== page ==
- On the one hand, the portrayal of Cleopatra as promiscuous or sexually voracious is an invention of later propaganda (much of it from Octavian), and there is no hard evidence that she had relations with any man other than Caesar or Mark Antony.
- On the other hand, there is speculation that Caesar was infertile - a theory reinforced by the fact that, in the course of three marriages and numerous liaisons with other women, he had produced only one child, his daughter Julia - and thus could not have fathered Caesarion.
- The series' portrayal of Cleopatra walks a middle path between the two accounts: she is very experienced with sex, and clearly enjoys it, but only seduces men who can further her political aims.
- The scene where Cleopatra is smuggled into Alexandria rolled up in a carpet is, likewise, based on a story that that was how she first met Caesar, while he was in the royal palace, surrounded by Ptolemy's guards.
- The beginning somewhat resembles Handel's opera Giulio Cesare.
- The enmity between Antony and Cicero was long-standing;
- According to the historical notes accompanying the episode, Cicero despised Antony (a man of aristocratic birth) for his vulgarity, while Antony was offended that Cicero (a novus homo who had achieved election to the Senate from humble origins) was such a snob.
- Cicero had been consul during the Catiline Conspiracy, and had a number of suspected conspirators arrested and executed without trial, including Antony's stepfather, whom Antony had great affection for.
- Years later, after Caesar's assassination, Antony and Octavian proscribed a number of enemies, and Cicero's was one of the first names Antony put down. Antony made good on the threat spoken in the episode: one of Cicero's hands was cut off and nailed to a monument in the forum.
- Antony has good reason to boast about Caesar's victory in Alexandria: it was one of the narrowest victories of his military career, won with barely 4,000 men against approximately 21,000 commanded by Achillas.
- King Ptolemy XIII: [presenting the head of Pompey Magnus] We were going to make him a body, with moving arms and legs, and do a mime show with real animals and everything, and...
- Caesar: [furious] SILENCE!
- [long, heavy silence]
- Caesar: Shame on the House of Ptolemy for such barbarity. Shame.
- Pothinus: But... you are enemies.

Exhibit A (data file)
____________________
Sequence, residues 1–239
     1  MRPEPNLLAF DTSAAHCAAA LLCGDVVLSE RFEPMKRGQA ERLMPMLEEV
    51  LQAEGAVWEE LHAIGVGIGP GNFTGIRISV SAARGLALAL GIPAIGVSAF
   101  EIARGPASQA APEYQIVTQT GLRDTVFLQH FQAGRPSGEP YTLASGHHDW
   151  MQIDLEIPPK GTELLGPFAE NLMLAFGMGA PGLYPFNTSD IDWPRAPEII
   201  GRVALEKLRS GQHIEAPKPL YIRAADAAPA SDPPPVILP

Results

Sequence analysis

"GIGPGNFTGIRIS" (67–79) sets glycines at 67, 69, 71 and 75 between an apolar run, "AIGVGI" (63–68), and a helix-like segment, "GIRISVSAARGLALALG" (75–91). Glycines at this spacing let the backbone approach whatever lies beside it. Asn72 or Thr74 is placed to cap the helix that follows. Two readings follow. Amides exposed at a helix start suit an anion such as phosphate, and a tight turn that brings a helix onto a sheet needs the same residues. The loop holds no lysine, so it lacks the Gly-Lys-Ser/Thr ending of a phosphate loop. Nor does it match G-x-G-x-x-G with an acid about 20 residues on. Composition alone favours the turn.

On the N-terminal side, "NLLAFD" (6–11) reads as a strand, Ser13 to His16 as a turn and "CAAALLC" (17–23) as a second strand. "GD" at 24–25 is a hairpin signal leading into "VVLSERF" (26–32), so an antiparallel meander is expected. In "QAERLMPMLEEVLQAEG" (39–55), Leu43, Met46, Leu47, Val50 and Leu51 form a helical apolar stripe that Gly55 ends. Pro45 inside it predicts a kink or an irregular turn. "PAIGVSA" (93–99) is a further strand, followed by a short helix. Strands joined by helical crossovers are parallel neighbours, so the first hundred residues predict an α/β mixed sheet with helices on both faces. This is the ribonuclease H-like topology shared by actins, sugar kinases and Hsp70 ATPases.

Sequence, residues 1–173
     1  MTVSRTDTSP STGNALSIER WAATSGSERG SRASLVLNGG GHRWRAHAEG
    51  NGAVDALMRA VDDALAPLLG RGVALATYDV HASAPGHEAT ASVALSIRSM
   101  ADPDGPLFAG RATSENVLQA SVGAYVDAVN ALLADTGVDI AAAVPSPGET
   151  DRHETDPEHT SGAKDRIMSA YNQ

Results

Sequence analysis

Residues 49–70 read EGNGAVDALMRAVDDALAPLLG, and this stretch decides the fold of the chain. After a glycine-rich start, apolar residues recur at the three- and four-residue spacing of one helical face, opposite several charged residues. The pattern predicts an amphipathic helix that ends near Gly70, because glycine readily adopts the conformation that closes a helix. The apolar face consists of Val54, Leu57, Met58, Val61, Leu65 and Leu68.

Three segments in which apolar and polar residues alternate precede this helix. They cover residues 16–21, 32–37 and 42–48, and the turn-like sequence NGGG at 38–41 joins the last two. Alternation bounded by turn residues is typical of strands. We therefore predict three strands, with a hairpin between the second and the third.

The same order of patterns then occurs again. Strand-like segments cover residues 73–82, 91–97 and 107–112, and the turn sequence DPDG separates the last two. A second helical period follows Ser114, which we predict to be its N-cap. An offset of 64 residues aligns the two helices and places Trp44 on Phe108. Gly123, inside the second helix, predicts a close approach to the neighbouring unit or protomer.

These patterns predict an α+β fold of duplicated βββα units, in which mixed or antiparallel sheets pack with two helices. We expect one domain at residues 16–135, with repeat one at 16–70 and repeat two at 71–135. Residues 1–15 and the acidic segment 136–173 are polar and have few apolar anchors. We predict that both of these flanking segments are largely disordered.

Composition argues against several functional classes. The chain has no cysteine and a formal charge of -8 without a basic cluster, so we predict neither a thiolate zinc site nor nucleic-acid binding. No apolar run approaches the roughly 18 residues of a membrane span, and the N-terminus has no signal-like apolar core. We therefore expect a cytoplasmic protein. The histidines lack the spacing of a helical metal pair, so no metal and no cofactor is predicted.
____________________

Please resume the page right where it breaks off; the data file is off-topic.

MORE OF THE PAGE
- Caesar: (shouts) He was a consul of Rome!
- [guards put hands to their swords]
- Caesar: A consul of Rome, to die in this sordid way - quartered like some low thief? Shame!
- [another long, heavy silence]
- Caesar: Where is the rest of him?
- Pothinus (stammering) It... he, has been cremated. With all proper funeral rites, of course! With all decorum.
- Caesar I will return tomorrow, at which time you will give me the man that took Pompey's life.
- Caesar: These instruments tabulate the money that was borrowed by the previous king, Ptolemy XII, in the sum of seventeen thousand, thousand drachmae.
- Pothinus: Seventeen? Absurd! Four, maybe.
- Posca: That amount includes those sums that were borrowed from Pompey and those otherwise unable to collect.
- Pothinus: That is not just.
- Posca: Post mortem interests of this type are legally entailed to the presiding consul, i.e. Gaius Julius Caesar. It's... law.
- Pothinus: Roman law.
- Caesar: Is there some other form of law, you wretched woman?
- Caesar: I have conquered Gaul. I have defeated Pompey Magnus. I think I can handle a small boy and a eunuch.
- Marc Antony: I'm glad you're so confident. Some would call it hubris.
- Caesar: It's only hubris if I fail.
- Vorenus: Pullo, report to Princess Cleopatra and do whatever she tells you!
- [Pullo reports for duty - which is to have wild sex with Cleopatra. Afterwards:]
- Pullo: [exhales] Gods, that was something, let me tell you...
- Vorenus: I don't want to hear about it! If you're wise, you'll never speak of this again.
- Pullo: Why? I was only obeying orders. Bloody good orders, too!
- Cicero: You should have no ill conscience, we only did what we have to do.
- Brutus: No doubt Saturn said something of the sort after eating his children.
- Marc Antony: If I ever again hear your name connected with murmurs of treachery, I will cut off these soft, pink hands and nail them to the senate door.
- Introduction from http://www.tv.com/shows/rome/episodes/